Determination of Death Dates of Coarse Woody Debris of Multiple Species in the Central Hardwood Region (Indiana, USA)

M. Ross Alexander, Christine R. Rollinson, David Joseph Moore, James H. Speer, Darrin L. Rubino

Research output: Contribution to journalArticle

1 Scopus citations

Abstract

Coarse woody debris (CWD; i.e. downed limbs and boles) serves numerous ecosystem functions, which vary according to the degree of decay. CWD decay is often described using five categories based on readily observed physical characteristics ranging from freshly fallen (Class I) to advanced decay with little structural integrity (Class V). Though useful in categorizing downed wood in a forest, these categories do not necessarily provide information about time since death or the decay process. Dendrochronology can be used to assign death dates to CWD and begin to provide a temporal description of the decay process. We used standard dendrochronological techniques to determine the death dates of 94 CWD samples from five common hardwood taxa in southern Indiana. Across taxa, the time since death of Class I (1.4 ± 1.7 years; mean ± SD; least decayed class) was significantly shorter than Class II (5.2 ± 3.6 years), which was shorter than the more decayed classes (Class III: 11.5 ± 4.9, and Class IV: 11.2 ± 5.6 years). Within this general trend, time since death within a decay class varied greatly among taxa. Combining dendrochronology techniques with visual decay characteristics can improve our understanding of CWD's role and provide a more precise timeline for biomass and nutrient turnover within forested systems.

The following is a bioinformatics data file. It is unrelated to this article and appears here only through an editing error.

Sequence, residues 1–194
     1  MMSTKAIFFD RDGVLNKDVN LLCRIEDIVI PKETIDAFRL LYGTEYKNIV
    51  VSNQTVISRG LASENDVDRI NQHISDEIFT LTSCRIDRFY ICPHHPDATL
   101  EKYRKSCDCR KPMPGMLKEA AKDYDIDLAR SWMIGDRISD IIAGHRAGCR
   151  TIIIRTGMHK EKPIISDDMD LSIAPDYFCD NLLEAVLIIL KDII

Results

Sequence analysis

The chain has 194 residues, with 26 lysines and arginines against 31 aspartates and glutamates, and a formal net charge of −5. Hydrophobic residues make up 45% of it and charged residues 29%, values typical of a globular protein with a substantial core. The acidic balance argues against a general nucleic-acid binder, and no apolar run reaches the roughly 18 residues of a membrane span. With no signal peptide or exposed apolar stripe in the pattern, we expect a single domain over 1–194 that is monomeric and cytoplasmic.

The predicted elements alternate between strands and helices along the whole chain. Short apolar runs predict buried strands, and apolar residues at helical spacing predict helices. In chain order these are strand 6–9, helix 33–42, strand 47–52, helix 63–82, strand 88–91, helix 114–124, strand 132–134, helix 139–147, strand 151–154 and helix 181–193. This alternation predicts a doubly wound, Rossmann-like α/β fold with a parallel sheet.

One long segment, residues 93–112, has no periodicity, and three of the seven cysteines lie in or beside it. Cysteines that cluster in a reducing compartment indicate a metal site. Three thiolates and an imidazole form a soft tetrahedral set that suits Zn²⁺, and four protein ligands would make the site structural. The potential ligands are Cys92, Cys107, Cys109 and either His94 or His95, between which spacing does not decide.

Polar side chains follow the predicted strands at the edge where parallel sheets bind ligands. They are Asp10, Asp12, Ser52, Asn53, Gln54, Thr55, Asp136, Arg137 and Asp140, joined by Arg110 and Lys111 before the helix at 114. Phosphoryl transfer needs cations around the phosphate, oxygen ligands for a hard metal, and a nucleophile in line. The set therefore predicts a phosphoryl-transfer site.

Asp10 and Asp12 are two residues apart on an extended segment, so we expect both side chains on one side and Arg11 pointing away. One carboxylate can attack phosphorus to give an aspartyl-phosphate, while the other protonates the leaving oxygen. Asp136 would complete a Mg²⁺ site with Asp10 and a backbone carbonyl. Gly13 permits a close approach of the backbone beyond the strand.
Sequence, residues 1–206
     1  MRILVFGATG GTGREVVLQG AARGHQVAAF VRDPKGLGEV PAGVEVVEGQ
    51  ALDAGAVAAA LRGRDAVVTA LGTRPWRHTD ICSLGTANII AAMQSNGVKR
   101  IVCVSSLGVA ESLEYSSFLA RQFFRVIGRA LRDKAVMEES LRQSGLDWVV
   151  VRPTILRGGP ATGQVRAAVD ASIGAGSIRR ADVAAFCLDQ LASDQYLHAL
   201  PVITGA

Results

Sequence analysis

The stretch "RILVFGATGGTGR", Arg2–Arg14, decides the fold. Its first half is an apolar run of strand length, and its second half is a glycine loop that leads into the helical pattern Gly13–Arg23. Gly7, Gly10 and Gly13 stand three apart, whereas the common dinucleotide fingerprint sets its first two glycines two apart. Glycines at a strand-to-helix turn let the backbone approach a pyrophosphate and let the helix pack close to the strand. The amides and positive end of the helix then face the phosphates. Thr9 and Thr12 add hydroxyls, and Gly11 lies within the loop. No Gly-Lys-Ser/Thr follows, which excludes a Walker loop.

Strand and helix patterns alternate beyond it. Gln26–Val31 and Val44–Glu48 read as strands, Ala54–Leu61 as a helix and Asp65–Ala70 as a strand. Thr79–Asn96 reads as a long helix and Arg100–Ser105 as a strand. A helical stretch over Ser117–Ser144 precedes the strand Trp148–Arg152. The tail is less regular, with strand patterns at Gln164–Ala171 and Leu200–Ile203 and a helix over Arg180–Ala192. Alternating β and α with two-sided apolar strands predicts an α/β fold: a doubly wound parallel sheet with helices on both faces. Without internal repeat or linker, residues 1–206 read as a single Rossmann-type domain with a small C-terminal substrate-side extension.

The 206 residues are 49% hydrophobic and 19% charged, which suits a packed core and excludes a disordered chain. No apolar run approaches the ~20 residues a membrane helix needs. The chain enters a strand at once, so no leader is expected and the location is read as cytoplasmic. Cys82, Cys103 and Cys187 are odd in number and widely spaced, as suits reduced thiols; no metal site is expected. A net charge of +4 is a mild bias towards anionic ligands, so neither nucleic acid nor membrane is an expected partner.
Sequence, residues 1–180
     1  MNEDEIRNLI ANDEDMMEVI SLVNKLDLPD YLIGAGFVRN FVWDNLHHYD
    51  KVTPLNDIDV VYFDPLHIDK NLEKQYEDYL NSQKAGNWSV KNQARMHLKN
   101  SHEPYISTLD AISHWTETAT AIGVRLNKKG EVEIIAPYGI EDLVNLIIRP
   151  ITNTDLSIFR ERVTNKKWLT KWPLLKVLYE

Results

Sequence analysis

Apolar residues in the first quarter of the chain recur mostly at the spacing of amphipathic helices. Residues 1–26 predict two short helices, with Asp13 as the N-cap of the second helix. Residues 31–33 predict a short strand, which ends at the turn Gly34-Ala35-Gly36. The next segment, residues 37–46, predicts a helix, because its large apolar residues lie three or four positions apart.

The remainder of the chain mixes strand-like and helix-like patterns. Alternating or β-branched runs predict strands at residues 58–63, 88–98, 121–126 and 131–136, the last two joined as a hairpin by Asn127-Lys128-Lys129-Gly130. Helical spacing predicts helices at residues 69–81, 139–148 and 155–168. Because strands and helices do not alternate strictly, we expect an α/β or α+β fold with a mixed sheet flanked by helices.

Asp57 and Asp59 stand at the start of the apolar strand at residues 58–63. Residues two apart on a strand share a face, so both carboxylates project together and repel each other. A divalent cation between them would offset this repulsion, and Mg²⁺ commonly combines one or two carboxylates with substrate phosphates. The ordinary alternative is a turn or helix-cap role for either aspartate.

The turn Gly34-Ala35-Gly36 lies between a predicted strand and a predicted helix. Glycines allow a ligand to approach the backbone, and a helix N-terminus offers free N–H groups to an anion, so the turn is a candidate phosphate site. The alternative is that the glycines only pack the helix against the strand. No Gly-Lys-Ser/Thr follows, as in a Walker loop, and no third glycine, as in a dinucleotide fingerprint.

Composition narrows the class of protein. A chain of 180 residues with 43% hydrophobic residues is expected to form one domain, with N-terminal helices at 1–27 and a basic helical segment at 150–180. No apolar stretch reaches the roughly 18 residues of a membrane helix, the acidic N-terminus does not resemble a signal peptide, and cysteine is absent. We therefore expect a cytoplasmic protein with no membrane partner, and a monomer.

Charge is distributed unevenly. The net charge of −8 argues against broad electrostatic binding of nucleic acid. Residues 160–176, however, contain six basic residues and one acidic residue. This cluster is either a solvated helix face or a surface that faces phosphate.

Original languageEnglish (US)
Pages (from-to)135-143
Number of pages9
JournalTree-Ring Research
Volume74
Issue number2
DOIs
StatePublished - Jul 1 2018

Keywords

  • coarse woody debris
  • dendrochronology
  • hardwood decay

ASJC Scopus subject areas

  • Forestry
  • Geology
  • Atmospheric Science
  • Palaeontology

Fingerprint Dive into the research topics of 'Determination of Death Dates of Coarse Woody Debris of Multiple Species in the Central Hardwood Region (Indiana, USA)'. Together they form a unique fingerprint.

  • Cite this